Responsible Distribution Canada Spring Symposium 2023

Passwords: Never a Problem Until They Suddenly Are

How to make password best practices work for you

Key Takeaways

The following are the key takeaways from the Password Security presentation at the RDC Spring Symposium in 2023:

Password Compromises

Password breaches happen alarmingly often. The most threatening type of leaked password is a plaintext password, which means it is unencrypted and can be freely read by an attacker. See if your email address has suffered any data breaches at the following site:

Phished Credentials

Phishing emails attempt to trick users into giving away their email address and password. While historically malicious emails have had the telltale sign of poorly written English, advances in AI such as ChatGPT now make it easier than ever to craft business professional emails.

Password Tricks

Have a favorite song lyric or line in a movie? Compress it down to an acronym to create a unique, lengthy, and complex password. As Mama always used to say, Lil1boc.Ynkwygg

Single Sign-On (MFA)

Websites are starting to favor Single Sign-On, or SSO. Instead of users creating an account the standard way with an email address and password, they can instead be authenticated by a trusted service such as Google. After the user clicks the “Continue with Google” button, their machine receives a token from Google to verify the user’s identity.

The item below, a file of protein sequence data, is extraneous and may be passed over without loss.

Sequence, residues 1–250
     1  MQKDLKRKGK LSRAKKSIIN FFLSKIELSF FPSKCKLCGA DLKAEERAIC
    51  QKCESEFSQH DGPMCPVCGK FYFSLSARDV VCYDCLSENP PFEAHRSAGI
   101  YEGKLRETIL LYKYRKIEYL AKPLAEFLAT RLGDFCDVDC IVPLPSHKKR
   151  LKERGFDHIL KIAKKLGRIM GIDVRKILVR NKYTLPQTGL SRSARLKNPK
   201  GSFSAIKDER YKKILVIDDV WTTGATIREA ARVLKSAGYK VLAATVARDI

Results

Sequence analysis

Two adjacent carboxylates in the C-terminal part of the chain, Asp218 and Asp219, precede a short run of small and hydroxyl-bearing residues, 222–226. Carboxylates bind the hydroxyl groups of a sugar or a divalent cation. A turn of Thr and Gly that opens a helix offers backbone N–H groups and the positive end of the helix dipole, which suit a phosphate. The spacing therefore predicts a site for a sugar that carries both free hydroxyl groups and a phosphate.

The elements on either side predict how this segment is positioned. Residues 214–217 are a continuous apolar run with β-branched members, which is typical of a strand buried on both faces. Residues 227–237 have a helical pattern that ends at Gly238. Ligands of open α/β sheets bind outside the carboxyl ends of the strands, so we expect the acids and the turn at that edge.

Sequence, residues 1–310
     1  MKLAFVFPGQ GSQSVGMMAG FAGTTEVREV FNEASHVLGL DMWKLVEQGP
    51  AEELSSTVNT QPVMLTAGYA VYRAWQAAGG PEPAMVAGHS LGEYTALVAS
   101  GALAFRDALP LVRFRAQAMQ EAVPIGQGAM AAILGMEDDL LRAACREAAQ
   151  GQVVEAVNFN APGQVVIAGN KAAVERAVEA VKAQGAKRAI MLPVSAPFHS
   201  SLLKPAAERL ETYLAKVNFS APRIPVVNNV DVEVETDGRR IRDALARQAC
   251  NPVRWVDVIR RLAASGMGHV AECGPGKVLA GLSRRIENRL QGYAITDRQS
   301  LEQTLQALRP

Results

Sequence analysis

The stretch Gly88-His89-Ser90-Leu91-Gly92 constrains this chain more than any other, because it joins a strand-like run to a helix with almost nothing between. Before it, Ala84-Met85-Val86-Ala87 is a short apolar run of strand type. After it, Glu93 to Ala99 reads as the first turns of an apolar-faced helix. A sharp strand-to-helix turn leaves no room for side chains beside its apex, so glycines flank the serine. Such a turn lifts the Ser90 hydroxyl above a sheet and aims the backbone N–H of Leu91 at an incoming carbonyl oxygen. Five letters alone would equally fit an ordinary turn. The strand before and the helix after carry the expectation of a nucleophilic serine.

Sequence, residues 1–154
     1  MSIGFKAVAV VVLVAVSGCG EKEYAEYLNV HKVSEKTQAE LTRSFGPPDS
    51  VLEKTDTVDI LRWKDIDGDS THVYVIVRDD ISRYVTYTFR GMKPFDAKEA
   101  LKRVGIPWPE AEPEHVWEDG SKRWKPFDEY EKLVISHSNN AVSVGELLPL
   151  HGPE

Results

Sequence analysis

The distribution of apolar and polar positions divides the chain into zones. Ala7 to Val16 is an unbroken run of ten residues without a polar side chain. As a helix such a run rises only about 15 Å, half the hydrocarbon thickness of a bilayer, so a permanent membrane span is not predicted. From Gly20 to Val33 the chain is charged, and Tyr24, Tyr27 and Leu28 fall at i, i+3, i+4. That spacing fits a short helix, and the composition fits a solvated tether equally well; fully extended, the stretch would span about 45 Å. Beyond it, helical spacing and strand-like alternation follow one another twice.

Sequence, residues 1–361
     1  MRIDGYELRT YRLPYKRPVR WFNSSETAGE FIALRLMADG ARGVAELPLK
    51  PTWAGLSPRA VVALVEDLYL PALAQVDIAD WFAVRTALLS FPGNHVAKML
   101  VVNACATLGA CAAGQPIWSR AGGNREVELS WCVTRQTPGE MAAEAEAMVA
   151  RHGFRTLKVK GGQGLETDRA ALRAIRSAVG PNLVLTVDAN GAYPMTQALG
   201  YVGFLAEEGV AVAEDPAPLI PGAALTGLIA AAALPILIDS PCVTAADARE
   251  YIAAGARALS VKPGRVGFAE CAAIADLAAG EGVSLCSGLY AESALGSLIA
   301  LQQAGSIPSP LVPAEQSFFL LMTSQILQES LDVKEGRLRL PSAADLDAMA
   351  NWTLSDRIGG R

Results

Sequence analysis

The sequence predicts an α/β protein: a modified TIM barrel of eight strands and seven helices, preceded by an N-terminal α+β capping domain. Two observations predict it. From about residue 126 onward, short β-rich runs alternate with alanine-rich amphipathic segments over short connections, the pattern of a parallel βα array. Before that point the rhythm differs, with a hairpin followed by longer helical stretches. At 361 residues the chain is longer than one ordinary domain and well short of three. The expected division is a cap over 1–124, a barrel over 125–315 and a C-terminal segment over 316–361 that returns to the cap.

Multi-Factor Authentication (MFA)

A strong password can still be leaked or phished. Provide your accounts with a second layer of security with Multi-Factor Authentication, or MFA. This requires the user to provide at least two “factors” to authenticate themselves, which would be a combination of what you know, what you have, and what you are. The most familiar MFA today is a text message to your phone.

Password Management Tools

Password Managers can be a helpful way to keep organized. However, as a general rule it is better to favor local managers over cloud-based. As we saw with the recent LastPass breach, there are risks associated with storing your password database in the cloud. One option is to use Password Safe and save your database on your Microsoft OneDrive, not your local drive. This will allow you to access it on any trusted device, and eliminate the single point of failure if your hard drive malfunctions.

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